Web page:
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Tuesday, October 09, 2012

A Rare Sparrow for Brooklyn

I spent Saturday from sunrise until just after 5pm scouring Floyd Bennett Field for birds. Three seasonal specialties I was hoping to find were American Pipit, Dickcissel and Eastern Meadowlark. By the end of the day I experienced a lot of migrating sparrows with one major discovery that was a life bird for me.

I met Heydi on the bus on the way down Flatbush Avenue. Once at Floyd Bennett we walked the runway towards the cricket field with the rising sun at our backs. Savannah Sparrows seemed to be popping out of the weed-covered berms every few feet. As we approached the cricket field small flocks of sparrows continued to drop in after their night's flight. Flocks of robins were also flying in from everywhere. A pair of Black-bellied Plovers sitting in the center of the field spooked and flew off. The pair called back and forth as they headed south towards the bay.

After surveying the weedy edges of the field we headed towards the community garden, following the edge of a dirt berm that parallels the roadway. A juvenile White-crowned Sparrow was among a mixed flock of Savannah Sparrows, Palm Warbler and Yellow-rumped Warblers. Eastern Phoebes hawked for insects from perches in ailanthus and sumac trees.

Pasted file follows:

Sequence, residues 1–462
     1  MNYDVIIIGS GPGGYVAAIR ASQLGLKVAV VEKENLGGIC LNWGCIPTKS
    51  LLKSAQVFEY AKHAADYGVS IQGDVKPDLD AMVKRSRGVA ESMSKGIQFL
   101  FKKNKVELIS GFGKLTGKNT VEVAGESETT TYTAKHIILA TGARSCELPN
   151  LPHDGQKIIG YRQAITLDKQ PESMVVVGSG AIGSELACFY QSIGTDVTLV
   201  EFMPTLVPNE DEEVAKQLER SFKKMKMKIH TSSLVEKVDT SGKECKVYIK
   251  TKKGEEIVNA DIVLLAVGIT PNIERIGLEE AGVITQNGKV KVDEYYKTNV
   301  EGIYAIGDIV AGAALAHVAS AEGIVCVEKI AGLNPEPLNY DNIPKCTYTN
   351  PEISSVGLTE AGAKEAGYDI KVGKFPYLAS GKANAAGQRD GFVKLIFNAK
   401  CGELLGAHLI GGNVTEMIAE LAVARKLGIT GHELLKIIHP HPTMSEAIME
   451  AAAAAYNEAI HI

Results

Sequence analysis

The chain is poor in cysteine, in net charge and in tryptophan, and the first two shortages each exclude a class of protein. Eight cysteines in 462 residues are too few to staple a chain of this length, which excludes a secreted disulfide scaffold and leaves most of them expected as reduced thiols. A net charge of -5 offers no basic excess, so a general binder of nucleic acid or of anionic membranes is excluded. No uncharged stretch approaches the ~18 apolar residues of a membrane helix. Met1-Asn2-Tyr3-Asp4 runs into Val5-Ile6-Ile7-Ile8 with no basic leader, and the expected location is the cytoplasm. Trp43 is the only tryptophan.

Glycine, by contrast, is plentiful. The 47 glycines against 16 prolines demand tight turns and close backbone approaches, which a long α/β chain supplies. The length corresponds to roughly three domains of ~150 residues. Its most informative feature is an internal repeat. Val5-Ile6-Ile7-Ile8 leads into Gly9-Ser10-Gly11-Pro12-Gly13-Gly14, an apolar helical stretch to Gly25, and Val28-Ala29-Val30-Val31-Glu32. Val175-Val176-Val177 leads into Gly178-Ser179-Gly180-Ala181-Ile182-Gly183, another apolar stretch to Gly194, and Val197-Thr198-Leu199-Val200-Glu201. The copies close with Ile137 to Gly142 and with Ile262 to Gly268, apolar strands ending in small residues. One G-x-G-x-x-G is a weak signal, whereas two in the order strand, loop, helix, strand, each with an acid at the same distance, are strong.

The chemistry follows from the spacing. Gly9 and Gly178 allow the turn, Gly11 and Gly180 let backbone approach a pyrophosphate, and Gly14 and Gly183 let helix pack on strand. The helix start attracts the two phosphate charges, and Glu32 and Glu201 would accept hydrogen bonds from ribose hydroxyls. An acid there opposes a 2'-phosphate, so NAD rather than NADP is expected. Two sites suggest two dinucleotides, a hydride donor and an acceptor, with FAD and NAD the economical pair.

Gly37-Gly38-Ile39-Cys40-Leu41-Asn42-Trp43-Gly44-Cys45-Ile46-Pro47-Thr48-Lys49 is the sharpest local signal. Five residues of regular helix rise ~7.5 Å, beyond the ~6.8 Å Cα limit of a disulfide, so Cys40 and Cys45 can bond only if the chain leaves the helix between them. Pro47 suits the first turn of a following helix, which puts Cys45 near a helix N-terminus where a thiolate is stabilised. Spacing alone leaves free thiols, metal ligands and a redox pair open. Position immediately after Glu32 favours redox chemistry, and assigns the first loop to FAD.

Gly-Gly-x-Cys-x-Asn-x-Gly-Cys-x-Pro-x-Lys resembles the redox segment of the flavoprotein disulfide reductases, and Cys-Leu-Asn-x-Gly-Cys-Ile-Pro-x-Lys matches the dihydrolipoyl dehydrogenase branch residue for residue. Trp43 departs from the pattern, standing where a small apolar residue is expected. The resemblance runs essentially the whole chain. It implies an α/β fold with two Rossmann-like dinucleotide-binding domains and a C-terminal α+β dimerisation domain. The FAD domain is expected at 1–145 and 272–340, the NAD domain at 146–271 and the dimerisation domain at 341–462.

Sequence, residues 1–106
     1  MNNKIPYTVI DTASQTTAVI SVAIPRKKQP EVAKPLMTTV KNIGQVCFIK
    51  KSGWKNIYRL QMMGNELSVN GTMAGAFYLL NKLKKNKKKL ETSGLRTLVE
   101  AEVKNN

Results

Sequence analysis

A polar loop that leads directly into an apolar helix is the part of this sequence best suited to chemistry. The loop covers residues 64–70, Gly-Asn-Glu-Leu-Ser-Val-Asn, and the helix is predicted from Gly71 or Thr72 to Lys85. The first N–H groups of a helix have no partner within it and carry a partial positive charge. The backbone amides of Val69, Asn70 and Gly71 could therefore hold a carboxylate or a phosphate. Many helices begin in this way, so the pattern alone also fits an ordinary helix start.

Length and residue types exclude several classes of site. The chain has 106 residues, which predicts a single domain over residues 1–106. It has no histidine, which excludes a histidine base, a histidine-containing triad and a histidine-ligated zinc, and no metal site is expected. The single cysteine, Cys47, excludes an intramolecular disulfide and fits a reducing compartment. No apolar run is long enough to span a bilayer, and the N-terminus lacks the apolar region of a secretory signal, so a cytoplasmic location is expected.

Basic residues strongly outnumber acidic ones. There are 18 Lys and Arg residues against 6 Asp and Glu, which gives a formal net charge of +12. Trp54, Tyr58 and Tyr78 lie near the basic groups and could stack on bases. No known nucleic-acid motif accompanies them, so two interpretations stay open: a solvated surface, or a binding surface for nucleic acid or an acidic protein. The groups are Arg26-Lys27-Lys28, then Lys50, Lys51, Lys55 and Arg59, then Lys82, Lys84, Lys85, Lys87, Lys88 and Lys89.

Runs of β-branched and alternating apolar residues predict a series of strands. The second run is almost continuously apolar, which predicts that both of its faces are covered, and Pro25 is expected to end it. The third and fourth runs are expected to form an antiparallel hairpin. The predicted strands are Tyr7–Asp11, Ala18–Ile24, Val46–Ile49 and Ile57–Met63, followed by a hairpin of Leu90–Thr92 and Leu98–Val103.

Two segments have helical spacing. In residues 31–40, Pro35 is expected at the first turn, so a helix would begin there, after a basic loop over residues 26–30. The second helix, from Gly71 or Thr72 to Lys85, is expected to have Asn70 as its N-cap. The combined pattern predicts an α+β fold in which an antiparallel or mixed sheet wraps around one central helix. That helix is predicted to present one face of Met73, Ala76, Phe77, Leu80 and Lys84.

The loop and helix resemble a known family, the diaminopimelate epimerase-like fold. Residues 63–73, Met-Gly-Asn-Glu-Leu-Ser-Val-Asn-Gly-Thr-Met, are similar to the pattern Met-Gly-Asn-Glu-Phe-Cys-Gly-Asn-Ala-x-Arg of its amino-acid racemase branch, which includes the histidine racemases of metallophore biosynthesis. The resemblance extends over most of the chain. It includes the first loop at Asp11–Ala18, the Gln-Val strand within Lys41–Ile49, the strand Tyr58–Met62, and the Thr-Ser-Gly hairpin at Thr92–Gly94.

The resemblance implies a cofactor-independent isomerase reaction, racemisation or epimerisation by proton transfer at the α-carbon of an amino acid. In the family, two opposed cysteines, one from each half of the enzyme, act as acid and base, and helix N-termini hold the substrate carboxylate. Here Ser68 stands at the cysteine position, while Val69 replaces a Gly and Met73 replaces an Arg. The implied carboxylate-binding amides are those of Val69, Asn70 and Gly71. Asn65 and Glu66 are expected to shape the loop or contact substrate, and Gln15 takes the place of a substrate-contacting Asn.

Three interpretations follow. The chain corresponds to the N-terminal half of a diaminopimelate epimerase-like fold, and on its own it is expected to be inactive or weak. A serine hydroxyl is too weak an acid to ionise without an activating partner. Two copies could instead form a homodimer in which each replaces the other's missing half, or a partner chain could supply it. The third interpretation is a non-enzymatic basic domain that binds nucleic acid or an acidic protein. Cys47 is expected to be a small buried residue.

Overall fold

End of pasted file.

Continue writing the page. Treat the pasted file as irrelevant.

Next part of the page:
The community garden was active, but mostly with more Palm Warblers and Savannah Sparrows. A nearby mockingbird seemed to have a preference for flycatcher vocalizations and alternately sang excellent impersonations of Eastern Phoebe and Willow Flycatcher.

After an early break for lunch we decided to head back to the cricket field to search the weedy edges for a possible Dickcissel. We also planned on walking the paths of the North Forty. Fellow birder Rich Fried was at the cricket field and joined us for the unexpectedly, mosquito-infested walk along the northern-most environs of Floyd Bennett Field's property. About 1/4 mile into the walk we encountered a fairly large mixed flock of songbirds feeding along the trail. The dominant species was White-throated Sparrow, but there were also Song Sparrows, juncos and Indigo Buntings. There were also several species of warbler, many phoebes and Red-eyed Vireos. At one point a very bright Philadelphia Vireo appeared in the branches above us from within the fast moving, feeding flock. At an intersection in the trail the feeding birds made a right turn and followed the mowed track, looping back towards where we initially encountered them. A moment later I spotted a Dickcissel in a low shrub at the left edge of the trail. While I was trying to describe the location to Rich and Heydi, the bird disappeared into the tangle. Fortunately it popped back out a moment later.